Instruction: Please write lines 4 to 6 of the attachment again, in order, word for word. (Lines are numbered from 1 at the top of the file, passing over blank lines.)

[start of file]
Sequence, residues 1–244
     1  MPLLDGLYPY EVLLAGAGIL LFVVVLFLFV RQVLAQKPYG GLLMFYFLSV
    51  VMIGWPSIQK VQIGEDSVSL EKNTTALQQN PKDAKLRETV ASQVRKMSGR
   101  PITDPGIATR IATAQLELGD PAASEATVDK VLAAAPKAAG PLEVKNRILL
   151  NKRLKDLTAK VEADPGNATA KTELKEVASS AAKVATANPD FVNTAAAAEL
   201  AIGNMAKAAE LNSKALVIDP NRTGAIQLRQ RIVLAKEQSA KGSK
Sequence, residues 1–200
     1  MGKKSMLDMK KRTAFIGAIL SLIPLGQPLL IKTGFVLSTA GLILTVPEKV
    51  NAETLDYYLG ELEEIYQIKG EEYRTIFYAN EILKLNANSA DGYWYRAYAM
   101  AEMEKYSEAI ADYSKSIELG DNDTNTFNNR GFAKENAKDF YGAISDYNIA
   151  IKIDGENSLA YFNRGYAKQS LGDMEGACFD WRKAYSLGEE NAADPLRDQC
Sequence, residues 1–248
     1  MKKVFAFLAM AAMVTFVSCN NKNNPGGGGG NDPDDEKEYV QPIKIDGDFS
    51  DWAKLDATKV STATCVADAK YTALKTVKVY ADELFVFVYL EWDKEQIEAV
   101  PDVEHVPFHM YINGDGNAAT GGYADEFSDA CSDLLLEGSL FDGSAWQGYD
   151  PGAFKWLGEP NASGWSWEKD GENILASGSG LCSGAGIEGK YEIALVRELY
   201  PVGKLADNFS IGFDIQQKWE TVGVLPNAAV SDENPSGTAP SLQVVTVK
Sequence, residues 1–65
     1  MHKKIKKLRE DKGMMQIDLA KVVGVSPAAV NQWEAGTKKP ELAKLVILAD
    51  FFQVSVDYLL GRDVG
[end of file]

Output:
   101  PITDPGIATR IATAQLELGD PAASEATVDK VLAAAPKAAG PLEVKNRILL
   151  NKRLKDLTAK VEADPGNATA KTELKEVASS AAKVATANPD FVNTAAAAEL
   201  AIGNMAKAAE LNSKALVIDP NRTGAIQLRQ RIVLAKEQSA KGSK